By David Mikhail - 09/21/06 12:00 AM EDT
Amid heated partisan rhetoric, the House yesterday passed a controversial bill that would mandate the use of photo identification in federal elections, 228-196.
The legislation, which was introduced by Rep. Henry Hyde (R-Ill.), would require voters to provide government-issued photo IDs before voting in federal elections, amending the National Voter Registration Act of 1993 and the Help America Vote Act of 2002.
Rep. Juanita Millender-McDonald (D-Calif.), ranking member of the House Administration Committee, said, "Those impacted by H.R.
4844 include the least among us - the elderly, disabled, the poor and ethnic minorities. And it would clearly have a disproportionate impact on women, and many students."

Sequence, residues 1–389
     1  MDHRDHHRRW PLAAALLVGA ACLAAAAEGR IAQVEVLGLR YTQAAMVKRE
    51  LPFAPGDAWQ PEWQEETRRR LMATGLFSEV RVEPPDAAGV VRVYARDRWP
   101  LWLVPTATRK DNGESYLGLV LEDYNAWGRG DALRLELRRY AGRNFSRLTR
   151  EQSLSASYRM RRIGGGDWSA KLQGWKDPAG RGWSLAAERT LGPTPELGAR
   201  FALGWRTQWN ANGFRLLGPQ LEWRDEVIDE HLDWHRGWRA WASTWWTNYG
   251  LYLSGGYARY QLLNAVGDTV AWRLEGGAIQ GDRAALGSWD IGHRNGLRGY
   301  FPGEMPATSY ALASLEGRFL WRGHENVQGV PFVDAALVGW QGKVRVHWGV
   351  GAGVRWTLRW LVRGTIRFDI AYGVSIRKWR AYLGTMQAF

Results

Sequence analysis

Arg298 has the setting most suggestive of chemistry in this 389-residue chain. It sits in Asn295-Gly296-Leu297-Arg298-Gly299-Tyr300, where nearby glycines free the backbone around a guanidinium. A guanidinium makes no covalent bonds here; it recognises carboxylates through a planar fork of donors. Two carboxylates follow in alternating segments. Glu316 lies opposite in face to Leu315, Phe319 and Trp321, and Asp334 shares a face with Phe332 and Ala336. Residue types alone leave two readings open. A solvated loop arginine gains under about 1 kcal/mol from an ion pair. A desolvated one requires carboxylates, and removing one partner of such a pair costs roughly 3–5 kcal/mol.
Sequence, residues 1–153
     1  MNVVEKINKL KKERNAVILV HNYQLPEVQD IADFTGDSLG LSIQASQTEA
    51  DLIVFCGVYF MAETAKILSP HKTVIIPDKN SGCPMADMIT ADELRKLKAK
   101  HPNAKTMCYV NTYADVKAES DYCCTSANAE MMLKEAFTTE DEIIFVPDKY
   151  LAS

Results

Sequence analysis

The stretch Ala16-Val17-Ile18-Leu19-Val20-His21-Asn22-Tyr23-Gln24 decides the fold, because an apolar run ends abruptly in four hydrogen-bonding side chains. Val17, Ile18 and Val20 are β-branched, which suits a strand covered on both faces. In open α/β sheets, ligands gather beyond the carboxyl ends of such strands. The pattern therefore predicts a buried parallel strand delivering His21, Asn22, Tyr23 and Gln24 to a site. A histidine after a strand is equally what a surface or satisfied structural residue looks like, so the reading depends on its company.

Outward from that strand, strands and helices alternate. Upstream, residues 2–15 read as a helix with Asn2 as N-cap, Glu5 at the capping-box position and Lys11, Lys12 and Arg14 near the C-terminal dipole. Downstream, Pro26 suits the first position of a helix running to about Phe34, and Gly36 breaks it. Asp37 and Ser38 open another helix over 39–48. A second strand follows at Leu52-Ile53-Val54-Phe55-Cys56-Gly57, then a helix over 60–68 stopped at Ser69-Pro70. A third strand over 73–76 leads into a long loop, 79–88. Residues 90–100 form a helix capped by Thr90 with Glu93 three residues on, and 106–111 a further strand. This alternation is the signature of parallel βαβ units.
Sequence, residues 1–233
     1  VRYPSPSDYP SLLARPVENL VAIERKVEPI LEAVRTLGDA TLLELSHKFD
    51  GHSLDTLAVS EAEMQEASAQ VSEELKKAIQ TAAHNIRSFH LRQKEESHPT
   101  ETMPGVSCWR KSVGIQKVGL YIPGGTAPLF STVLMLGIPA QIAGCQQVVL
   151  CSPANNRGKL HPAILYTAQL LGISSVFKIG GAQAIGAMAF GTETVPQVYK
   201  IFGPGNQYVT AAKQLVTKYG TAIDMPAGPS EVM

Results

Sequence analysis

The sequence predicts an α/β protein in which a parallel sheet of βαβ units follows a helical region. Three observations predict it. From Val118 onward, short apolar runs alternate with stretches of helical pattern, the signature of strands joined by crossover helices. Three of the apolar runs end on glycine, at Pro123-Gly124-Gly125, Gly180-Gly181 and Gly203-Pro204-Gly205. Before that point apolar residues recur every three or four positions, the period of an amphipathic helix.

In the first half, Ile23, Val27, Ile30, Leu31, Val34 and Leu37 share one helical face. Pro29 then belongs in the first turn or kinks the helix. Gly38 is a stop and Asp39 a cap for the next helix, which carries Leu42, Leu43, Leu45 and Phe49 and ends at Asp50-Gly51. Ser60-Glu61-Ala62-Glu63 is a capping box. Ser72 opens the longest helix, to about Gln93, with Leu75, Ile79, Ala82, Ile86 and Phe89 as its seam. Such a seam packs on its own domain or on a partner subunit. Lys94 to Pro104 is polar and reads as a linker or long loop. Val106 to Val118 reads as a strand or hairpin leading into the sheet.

House Administration Committee Chairman Vernon Ehlers (R-Mich.) stated,
"Every day millions of Americans show a picture ID to pay by check, board a plane, or buy alcohol or tobacco. Surely the sanctity of the ballot warrants as much protection as these other activities."
Only seven lawmakers crossed party lines on the vote, as Reps. Melissa Bean (D-Ill.), Jim Marshall (D-Ga.), Collin Peterson (D-Minn.), and Gene Taylor (D-Miss.) backed the bill and Reps. Charles Bass (R-N.H.), Jeb Bradley (R-N.H.), and Don YoungDon YoungCherry Blossom Princesses begin their annual reign Republicans raise legal questions ahead of Gitmo order House votes to speed up tribal energy projects MORE (R-Alaska) voted against it.